- Henry Miller
Angkor Wat is a breathtaking architectural masterpiece that attracts thousands of visitors each day. The Angkor expert, architect Maurice Glaize wrote in 1944 "If Angkor Wat is the largest and the best preserved of the monuments, it is also the most impressive in the character of its grand architectural composition, being comparable to the finest architectural achievements anywhere". Angkor Wat combines two of the most recurrent features of Khmer architecture, the tiered pyramidal effect and the concentric galleries. The first one is achieved by using three platforms one above each other that become gradually smaller. The first two levels are rectangular platforms delineated by columns and containing concentric galleries, chambers and courtyards. The top platform is square in shape and sustains the five towers which have become the most prominent feature of the temple. The quincunx of towers cannot be seen from everywhere, the design of the temple only allows for the five towers to be visible from certain angles.
Another architectural element repeated along the three levels of the temple is the cross shape of many of its structures. The sandstone terrace on the western entrance follows this pattern, and here you can start your visit after having climbed the short stepsto the causeway. The harmony, balance, symmetry and delicacy that emanates from the facade in front of you is the feature that guides the design of the temple.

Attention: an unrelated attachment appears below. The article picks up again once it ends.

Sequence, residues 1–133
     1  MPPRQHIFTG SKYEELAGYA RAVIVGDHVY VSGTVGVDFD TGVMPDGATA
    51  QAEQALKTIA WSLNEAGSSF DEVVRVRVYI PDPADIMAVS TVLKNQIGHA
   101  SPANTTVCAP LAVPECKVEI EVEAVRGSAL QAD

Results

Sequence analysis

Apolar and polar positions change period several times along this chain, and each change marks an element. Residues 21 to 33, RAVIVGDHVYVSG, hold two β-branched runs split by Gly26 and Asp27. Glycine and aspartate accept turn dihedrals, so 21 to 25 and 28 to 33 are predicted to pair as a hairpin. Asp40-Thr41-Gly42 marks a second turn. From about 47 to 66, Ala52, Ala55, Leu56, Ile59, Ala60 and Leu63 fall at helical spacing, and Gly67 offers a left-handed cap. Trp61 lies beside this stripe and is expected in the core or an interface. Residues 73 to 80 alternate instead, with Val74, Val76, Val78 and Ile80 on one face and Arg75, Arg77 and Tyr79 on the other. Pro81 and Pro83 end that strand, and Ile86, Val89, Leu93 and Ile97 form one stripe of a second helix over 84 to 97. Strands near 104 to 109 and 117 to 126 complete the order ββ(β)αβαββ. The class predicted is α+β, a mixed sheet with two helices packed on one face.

The bas-reliefs that adorn the outer wall of the temple (see our Angkor Wat plan for reference) are admirable creations in Khmer art. Delicate carvings cover most of the 1,200 square meter inner wall, and are two meters long from bottom to top. They mainly depict scenes from the Hindu epics Ramayana and Mahabharata, but some of them also show day to day life within the Khmer empire.
In line with the western orientation of the temple the bas-reliefs have been designed for viewing from left to right and thus, it is recommended to follow the bas-reliefs countercloclwise around the temple starting from the middle of the west side, turning right. The most famous scenes are as follows: the Battle of Kurukshetra in the West Gallery, inspired in the Mahabharata, describes the battle between the rival cousins in the the war of the Kurushetra province in India. The Army King Survayaman II in the South Gallery depicts the triumphal procession of the Khmer army after defeating their enemies. Perhaps the most popular of the bas-reliefs, relates the myth from the Hindu epic Bhagavata Purana and focuses on the churning of the ocean of milk by gods and demons in search of an elixir that will grant them immortality. Finally the Battle of Lanka in the West Gallery is a scene from Ramayana describing the fight between Rama and the demon king Ravana.
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